SOAR wins Ruby Bridges Student Leadership and Courage Award

SOAR+accepted+the+award+at+the+National+Summit+for+Courageous+Conversation+in+New+Orleans%2C+Louisiana+on+October+15.+%28Courtesy+of+J.C.+Farr%29
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SOAR wins Ruby Bridges Student Leadership and Courage Award

SOAR accepted the award at the National Summit for Courageous Conversation in New Orleans, Louisiana on October 15. (Courtesy of J.C. Farr)

SOAR accepted the award at the National Summit for Courageous Conversation in New Orleans, Louisiana on October 15. (Courtesy of J.C. Farr)

SOAR accepted the award at the National Summit for Courageous Conversation in New Orleans, Louisiana on October 15. (Courtesy of J.C. Farr)

SOAR accepted the award at the National Summit for Courageous Conversation in New Orleans, Louisiana on October 15. (Courtesy of J.C. Farr)

By Josie Spiegelman

The Tamalpais Unified High School District’s (TUHSD) Students Organized Against Racism (SOAR) program received the Ruby Bridges Student Leadership and Courage Award during the National Summit for Courageous Conversation held by the Pacific Educational Group (PEG) on October 15. 

A tribute to Ruby Bridges, one of five African American girls to first attend a segregated school in Louisiana, it is awarded to students who “demonstrate the power of courage and leadership required to successfully navigate community and school culture and climate to achieve at the highest levels as an expression of their passion, practice, and persistence” according to the National Summit for Courageous Conversation’s website. 

PEG, a nationwide firm dedicated to starting meaningful conversations about race in schools, was involved with the creation of SOAR and evaluated the group on their work during the 2018-2019 school year Breakthrough Day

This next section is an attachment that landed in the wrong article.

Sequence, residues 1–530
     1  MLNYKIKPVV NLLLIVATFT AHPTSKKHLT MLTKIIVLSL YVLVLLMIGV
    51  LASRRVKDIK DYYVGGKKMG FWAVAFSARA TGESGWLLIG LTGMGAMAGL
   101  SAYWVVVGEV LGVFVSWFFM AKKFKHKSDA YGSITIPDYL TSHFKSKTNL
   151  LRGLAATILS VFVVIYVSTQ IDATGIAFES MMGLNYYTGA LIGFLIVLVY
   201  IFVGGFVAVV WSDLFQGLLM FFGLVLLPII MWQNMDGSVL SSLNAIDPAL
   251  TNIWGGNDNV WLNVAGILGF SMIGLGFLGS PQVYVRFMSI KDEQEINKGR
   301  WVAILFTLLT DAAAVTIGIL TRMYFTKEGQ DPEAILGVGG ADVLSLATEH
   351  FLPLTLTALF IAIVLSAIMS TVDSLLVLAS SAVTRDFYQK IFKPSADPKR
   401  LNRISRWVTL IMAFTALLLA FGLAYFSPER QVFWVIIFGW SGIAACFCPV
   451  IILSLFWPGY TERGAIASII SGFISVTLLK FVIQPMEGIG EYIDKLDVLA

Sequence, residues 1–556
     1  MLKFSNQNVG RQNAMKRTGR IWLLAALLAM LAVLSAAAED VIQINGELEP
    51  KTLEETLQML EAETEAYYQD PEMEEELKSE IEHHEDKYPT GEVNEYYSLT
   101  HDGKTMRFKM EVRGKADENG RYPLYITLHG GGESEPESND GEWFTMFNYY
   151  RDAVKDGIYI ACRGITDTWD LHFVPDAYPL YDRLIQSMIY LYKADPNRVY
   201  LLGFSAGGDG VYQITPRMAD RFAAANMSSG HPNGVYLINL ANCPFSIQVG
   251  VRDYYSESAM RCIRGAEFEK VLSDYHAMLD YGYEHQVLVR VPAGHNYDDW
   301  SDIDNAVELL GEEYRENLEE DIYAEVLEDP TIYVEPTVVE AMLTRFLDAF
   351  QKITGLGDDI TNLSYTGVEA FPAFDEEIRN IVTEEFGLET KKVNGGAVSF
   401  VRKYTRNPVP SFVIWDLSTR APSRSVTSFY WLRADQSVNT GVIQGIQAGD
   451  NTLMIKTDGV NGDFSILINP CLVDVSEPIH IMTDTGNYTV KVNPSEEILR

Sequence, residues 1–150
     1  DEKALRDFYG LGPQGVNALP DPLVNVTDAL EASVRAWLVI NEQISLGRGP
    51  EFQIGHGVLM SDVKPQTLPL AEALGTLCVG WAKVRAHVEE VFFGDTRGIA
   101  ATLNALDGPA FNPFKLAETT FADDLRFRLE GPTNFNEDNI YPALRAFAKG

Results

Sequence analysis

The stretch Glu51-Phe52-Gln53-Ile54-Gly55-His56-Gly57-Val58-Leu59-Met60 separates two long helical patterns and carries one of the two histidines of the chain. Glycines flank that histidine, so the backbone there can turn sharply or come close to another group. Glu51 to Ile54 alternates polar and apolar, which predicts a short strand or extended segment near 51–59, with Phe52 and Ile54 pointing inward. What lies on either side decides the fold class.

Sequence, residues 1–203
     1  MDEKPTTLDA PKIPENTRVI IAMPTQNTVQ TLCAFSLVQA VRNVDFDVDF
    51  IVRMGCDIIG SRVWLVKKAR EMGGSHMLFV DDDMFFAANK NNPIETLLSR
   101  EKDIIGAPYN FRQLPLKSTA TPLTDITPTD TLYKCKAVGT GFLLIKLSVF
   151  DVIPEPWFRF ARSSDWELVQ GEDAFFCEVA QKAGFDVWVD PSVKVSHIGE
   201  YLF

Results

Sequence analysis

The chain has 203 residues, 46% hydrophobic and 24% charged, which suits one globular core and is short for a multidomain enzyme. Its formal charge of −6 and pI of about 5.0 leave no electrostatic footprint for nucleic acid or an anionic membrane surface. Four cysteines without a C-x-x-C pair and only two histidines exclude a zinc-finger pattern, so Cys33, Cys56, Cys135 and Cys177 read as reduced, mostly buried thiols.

“We invited them [Pacific Education Group] to come out and see what we were doing on our campus,” Principal J.C. Farr said.“From that, they were able to recognize outstanding work that our students and our staff were doing to interrupt racist practices and develop the racial consciousness of the students in Marin County.” 

Sophomore Ruby Rose, president of SOAR and a reporter for The Tam News, believes that SOAR’s additional work outside of Breakthrough Day also contributed to them receiving the award. 

“Breakthrough day was not the only reason for SOAR receiving the award. The primary reason was that Courageous Conversations gave us certain guidelines and here at Tam we created the club, workshops and Breakthrough Day, and at Drake and Redwood, they [the district] created the class. Essentially [TUHSD] took action and created something from guidelines.” Rose said. “Receiving this award was an honor. Everyone was very happy and proud. However, it was also surprising to receive an award, when we felt that we had not done enough to deserve it. It also put into perspective how little other schools are doing in comparison, which was a little jarring.”